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Elizabeth i skilful in her response to threats history essay

Religion and rebellion 1568-1585 The Scottish rebellion of 1560 deprived Mary, Queen of Scots of effective power, but she never accepted this and plotted to regain full authority. Mary also claimed the English crown. Darnley was an alcoholic, capricious playboy, but he was the son of Margaret Douglas and therefore the grandson of Henry VII's eldest daughter, Margaret Tudor. Darnley was a liability and Mary excluded him from influence, making her Italian Catholic secretary, David Riccio into her main counselor.

Darnley conspired with the Protestant Lords to murder Riccio in 1566. In 1567, Darnley himself was murdered possibly with Mary's approval ; and Mary then married the adventurer, James Hepburn, Earl of Bothwell, who had probably organized Darnley's homicide.

How serious a threat did the Puritans pose to Elizabeth I and her Church?

The outraged Scottish nobility rose again, defeated Mary and Bothwell in battle and forced her to abdicate in favor of her infant son, James VI. In 1569, the earls of Westmorland and Northumberland led the Revolt of the Northern Earls, aimed at restoring Catholicism and placing Mary on the throne in place of Elizabeth. The rebellion was soon defeated. Pope Pius V heard of the revolt and having despaired of Elizabeth restoring Catholicism decided to help the rebels by deposing Elizabeth.

How successfully did Elizabeth I handle her finances?

In fact the bull of deposition, Regnans in Excelsis did not arrive until after the Revolt's suppression and served only to anger Elizabeth and increase her distrust of Catholics. The view that all Roman Catholics were potential traitors led to a series of measures against them from 1570 onwards: Roman Catholic judges and Justices of the Peace were excluded from power, and it became increasingly dangerous to shelter priests.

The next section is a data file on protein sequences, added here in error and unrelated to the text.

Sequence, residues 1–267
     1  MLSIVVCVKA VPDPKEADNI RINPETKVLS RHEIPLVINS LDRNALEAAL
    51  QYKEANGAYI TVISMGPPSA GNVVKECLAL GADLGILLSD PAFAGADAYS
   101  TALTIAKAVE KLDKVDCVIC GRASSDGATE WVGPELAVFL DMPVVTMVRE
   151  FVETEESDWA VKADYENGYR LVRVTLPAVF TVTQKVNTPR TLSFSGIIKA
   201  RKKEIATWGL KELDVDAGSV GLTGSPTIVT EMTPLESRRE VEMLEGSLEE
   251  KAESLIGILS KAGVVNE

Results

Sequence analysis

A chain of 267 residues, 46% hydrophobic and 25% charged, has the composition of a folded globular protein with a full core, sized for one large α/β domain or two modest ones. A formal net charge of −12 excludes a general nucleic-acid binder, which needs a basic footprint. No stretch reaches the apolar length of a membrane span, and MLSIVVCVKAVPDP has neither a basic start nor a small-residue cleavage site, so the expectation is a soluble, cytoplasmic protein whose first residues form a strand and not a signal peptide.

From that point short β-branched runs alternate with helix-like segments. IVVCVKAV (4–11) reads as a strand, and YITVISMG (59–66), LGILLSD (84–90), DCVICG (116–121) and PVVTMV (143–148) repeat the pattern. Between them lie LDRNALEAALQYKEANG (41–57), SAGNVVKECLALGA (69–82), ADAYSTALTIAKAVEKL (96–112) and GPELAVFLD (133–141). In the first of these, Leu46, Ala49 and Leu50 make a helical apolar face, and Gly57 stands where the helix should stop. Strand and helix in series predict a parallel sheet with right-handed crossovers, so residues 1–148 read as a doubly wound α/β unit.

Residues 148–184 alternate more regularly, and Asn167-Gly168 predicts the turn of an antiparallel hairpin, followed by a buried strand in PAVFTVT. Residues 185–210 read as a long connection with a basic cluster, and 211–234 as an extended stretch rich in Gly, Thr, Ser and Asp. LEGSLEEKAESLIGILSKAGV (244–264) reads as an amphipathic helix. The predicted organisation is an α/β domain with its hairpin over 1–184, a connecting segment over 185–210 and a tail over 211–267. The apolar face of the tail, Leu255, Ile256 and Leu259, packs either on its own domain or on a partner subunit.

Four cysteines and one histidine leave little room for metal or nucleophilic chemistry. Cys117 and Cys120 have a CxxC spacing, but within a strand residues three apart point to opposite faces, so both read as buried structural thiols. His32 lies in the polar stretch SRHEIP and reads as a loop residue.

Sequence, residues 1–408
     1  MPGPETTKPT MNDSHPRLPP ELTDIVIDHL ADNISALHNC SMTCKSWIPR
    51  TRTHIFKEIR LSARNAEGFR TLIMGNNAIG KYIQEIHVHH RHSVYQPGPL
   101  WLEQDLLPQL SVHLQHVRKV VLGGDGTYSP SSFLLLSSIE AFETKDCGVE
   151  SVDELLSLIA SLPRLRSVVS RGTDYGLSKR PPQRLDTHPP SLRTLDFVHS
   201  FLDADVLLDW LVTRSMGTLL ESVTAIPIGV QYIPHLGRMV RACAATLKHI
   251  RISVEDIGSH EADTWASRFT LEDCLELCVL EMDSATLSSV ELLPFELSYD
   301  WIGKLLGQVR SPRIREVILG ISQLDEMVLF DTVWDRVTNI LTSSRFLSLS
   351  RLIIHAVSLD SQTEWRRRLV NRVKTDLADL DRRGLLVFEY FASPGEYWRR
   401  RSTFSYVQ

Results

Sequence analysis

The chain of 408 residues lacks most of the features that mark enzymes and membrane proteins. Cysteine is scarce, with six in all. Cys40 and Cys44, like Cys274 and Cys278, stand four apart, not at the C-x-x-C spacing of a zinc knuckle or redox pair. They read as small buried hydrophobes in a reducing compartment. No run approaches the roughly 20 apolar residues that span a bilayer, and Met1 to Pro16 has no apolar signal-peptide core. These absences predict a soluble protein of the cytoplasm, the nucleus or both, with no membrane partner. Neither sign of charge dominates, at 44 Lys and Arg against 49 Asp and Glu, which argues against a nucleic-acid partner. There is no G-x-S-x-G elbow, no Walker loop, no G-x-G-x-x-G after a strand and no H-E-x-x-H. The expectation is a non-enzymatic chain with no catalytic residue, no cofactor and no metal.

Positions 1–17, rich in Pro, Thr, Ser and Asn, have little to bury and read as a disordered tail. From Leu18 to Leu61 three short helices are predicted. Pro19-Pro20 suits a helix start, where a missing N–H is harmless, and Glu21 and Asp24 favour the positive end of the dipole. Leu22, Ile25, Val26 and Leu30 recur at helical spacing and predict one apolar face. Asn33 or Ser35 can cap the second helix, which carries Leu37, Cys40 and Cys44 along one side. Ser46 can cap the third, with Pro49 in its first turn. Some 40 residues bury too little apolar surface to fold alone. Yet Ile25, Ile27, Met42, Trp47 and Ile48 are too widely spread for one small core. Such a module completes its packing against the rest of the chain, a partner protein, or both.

The deterioration of relations with the Papacy went along with increasing tension with the "most Catholic" king of Spain, Philip II. Philip II was faced with the rebellion in the Netherlands: Calvinist beliefs had spread in its northern provinces, and even the Catholic South feared that Philip would suppress local autonomy. In 1567, Philip sent an army there to prevent an uprising, but Elizabeth was afraid that the army would be used against England. In 1568, she seized a shipment of bullion sent by Genoese bankers to pay the Spanish troops garrisoned in the Netherlands.

Philip was furious, particularly as he was also suffering losses in the New World from English privateers. In 1572, full-scale revolt broke out in the Netherlands, and Elizabeth sent them help in the form of elizabeth i skilful in her response to threats history essay and supplies. No English soldiers were sent until 1585. These priests began arriving in England from about 1574 onwards. Anti-Catholic feeling contributed to the growth of radical Puritanism.

Many Protestants objected to the traditional ceremonies retained in the Church of England's worship. When Elizabeth and her bishops insisted that these rituals be observed, some puritans took their opposition further and adopted Presbyterian views.

Presbyterianism posed a serious threat to Elizabeth's control of the church.